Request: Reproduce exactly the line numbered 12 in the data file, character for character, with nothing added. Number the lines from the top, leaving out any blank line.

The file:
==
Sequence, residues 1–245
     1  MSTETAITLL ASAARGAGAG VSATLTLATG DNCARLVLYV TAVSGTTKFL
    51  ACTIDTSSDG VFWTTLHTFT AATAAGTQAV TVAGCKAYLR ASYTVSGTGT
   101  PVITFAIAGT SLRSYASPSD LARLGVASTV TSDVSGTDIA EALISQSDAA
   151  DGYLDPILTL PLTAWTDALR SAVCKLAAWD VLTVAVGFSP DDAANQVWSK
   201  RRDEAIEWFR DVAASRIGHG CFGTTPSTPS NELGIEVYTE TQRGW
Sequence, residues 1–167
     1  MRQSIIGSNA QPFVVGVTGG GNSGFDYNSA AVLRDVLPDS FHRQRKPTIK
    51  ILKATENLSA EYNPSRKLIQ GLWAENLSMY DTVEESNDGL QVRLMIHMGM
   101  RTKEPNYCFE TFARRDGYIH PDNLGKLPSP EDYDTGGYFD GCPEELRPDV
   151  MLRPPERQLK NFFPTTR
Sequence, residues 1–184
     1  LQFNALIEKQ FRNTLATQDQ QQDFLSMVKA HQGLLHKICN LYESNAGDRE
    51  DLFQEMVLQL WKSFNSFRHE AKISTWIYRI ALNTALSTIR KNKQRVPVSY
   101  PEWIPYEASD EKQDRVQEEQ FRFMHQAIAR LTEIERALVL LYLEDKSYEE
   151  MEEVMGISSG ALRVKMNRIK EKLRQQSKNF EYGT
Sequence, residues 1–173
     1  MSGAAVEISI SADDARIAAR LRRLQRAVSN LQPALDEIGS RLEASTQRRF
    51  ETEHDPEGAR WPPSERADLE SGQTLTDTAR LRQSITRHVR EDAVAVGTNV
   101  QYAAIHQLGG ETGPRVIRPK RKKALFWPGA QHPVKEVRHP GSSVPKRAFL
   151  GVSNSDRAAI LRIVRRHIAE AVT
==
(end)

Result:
Sequence, residues 1–184